Lidar data provides precision information on the position, elevation, and shape of the earth’s terrain and, also for features such as buildings and vegetation.
In Utah, Lidar data can be put to work to determine floodplains, discover earthquake faults and landslide hazards, map buildings and infrastructure such as utility poles and lines, inventory vegetation, and even model rooftop solar potential (video from previous project).
The Lidar data for the Monroe Mountain area of Sevier and Piute county will be used to measure forest health (canopy, trunk and stem counts, etc) and establish a base line that can be used to assess different forest management strategies to be tested in the area.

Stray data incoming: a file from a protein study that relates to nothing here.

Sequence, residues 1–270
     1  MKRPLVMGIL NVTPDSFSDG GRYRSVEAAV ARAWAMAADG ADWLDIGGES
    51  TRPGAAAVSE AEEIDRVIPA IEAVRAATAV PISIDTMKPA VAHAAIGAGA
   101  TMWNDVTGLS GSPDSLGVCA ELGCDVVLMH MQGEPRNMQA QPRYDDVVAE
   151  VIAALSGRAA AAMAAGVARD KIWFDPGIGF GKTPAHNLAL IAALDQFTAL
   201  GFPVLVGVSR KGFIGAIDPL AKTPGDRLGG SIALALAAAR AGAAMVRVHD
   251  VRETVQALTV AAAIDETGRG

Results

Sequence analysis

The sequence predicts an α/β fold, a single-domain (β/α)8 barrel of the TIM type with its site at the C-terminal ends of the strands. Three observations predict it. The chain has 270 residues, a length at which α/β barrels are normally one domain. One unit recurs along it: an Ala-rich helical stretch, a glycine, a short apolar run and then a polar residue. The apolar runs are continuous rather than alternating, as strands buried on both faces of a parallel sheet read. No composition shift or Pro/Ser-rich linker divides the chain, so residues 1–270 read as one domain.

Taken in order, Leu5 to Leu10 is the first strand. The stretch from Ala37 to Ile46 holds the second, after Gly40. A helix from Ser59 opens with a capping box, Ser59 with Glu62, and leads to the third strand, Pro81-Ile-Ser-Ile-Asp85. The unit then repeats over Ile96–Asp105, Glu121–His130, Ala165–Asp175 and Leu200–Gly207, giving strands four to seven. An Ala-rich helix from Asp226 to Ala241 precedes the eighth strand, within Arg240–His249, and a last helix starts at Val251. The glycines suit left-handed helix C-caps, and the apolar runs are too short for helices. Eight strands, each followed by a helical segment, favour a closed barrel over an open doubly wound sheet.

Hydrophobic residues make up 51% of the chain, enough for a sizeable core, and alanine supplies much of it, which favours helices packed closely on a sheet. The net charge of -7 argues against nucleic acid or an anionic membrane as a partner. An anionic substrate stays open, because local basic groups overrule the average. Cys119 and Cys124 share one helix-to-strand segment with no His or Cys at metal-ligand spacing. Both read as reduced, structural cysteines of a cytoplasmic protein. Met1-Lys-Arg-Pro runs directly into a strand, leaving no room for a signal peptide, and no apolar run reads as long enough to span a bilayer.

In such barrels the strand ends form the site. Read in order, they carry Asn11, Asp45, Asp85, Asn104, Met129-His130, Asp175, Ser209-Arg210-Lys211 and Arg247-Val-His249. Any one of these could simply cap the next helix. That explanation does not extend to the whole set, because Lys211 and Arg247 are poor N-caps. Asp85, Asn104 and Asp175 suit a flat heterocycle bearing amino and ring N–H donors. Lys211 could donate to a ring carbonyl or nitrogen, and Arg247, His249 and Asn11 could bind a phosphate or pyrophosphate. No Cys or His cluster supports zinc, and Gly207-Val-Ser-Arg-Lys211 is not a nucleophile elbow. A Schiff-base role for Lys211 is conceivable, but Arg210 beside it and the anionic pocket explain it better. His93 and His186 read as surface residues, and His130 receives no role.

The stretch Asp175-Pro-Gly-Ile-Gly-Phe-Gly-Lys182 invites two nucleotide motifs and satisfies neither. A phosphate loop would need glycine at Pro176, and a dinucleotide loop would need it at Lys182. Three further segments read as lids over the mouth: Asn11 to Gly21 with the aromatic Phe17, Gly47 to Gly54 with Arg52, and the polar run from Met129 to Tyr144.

Lidar data is collected using a sophisticated laser range-finding scanner mounted to an airplane. The scanner sends out laser pulses toward the ground. The scanner’s sensor then records the strength and timing of the pulses that bounce off the ground-level surface and return back to the plane by the millions.
This information, together with precision onboard GPS and other positioning information for the plane, is used to create a giant set of 3D points that model the earth and its features. This resulting ‘point cloud’ can then be analyzed to derive a bare earth terrain model and different types of geographic features.